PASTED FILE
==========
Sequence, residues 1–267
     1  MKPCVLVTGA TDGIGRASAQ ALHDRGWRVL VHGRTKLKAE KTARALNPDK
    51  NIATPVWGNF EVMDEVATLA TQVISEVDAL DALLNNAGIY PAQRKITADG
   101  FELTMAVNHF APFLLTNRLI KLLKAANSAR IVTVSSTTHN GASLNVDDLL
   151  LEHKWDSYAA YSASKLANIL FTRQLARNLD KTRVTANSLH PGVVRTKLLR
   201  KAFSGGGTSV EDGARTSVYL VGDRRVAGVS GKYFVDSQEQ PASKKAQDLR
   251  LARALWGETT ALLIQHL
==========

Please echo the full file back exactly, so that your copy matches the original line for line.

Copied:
Sequence, residues 1–267
     1  MKPCVLVTGA TDGIGRASAQ ALHDRGWRVL VHGRTKLKAE KTARALNPDK
    51  NIATPVWGNF EVMDEVATLA TQVISEVDAL DALLNNAGIY PAQRKITADG
   101  FELTMAVNHF APFLLTNRLI KLLKAANSAR IVTVSSTTHN GASLNVDDLL
   151  LEHKWDSYAA YSASKLANIL FTRQLARNLD KTRVTANSLH PGVVRTKLLR
   201  KAFSGGGTSV EDGARTSVYL VGDRRVAGVS GKYFVDSQEQ PASKKAQDLR
   251  LARALWGETT ALLIQHL